, Volume 162, Issue 2, pp 233-245

Partitioning floristic variance in Norwegian upland grasslands into within-site and between-site components: are the patterns determined by environment or by land-use?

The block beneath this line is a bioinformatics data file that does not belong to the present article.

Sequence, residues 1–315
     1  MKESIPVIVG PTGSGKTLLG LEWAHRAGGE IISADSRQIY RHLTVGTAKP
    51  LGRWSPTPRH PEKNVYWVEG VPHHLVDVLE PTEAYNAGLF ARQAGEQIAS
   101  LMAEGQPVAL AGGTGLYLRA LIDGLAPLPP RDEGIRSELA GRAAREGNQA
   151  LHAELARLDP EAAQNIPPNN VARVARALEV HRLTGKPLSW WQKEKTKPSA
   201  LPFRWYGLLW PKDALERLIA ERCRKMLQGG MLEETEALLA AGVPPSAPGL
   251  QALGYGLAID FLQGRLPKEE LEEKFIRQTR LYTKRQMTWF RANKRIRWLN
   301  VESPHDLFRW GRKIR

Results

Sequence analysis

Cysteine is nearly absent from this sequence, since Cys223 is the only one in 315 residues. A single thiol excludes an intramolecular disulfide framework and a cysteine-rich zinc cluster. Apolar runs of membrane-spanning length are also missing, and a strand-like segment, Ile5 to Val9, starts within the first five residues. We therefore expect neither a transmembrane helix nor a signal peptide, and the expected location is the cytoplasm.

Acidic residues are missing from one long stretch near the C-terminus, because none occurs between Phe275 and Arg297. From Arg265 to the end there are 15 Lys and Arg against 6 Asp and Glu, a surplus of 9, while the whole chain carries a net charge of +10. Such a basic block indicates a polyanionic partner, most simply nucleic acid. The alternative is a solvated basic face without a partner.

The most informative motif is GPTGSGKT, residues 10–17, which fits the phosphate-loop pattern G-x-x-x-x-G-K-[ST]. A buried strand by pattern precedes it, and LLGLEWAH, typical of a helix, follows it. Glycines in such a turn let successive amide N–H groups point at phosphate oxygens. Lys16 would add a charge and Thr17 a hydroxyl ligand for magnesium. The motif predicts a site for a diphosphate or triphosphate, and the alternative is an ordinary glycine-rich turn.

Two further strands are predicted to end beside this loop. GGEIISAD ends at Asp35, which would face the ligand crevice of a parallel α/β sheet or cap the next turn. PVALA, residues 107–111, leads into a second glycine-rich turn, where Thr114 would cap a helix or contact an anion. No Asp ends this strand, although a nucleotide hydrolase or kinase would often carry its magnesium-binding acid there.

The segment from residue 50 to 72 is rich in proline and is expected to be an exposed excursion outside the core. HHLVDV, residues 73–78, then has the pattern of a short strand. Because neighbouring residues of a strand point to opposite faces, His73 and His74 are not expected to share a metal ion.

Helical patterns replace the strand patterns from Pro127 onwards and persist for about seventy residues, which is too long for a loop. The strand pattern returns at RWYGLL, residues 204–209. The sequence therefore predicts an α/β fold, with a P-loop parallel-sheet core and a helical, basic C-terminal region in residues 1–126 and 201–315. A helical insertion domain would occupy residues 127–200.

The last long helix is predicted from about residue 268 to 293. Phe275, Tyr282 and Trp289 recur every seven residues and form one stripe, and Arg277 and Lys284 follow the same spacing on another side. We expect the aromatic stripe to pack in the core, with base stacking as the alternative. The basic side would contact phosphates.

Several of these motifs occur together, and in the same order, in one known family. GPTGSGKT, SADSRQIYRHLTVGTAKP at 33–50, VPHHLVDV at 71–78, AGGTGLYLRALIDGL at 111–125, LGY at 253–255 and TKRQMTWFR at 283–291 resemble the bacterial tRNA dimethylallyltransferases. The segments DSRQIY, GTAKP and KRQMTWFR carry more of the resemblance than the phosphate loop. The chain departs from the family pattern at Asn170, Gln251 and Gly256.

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This study presents a quantitative partitioning of the variance infloristic data from grazed semi-natural vegetation of summer farms inRøldal, western Norway. The data consist of 189 taxa recorded in 1074-m2 sample plots within 10 summer farms with differentland-use histories. Thirty-five environmental variables were recorded,includingaltitude, slope, radiation, geology, soil chemistry, and past and presentland-use. A series of (partial) canonical correspondence analyses (CCAs) wereused to partition the total variation into within-farm and between-farmcomponents, and to investigate the explanatory power of different groups ofenvironmental and land-use variables at the two scales. The results show that:(1) although local gradients are of overriding importance for floristiccomposition, landscape-scale processes also contribute significantly to theobserved patterns; (2) the measured land-use and environmental factors accountfor comparable amounts of compositional variance at the two scales; and (3)evenif the relative contributions of the two classes of explanatory variables arecomparable, details differ, showing that broad-scale environmental and land-usepatterns are not just scaled-up versions of the fine-scale patterns or viceversa. These results support a multi-process view of vegetation patterns.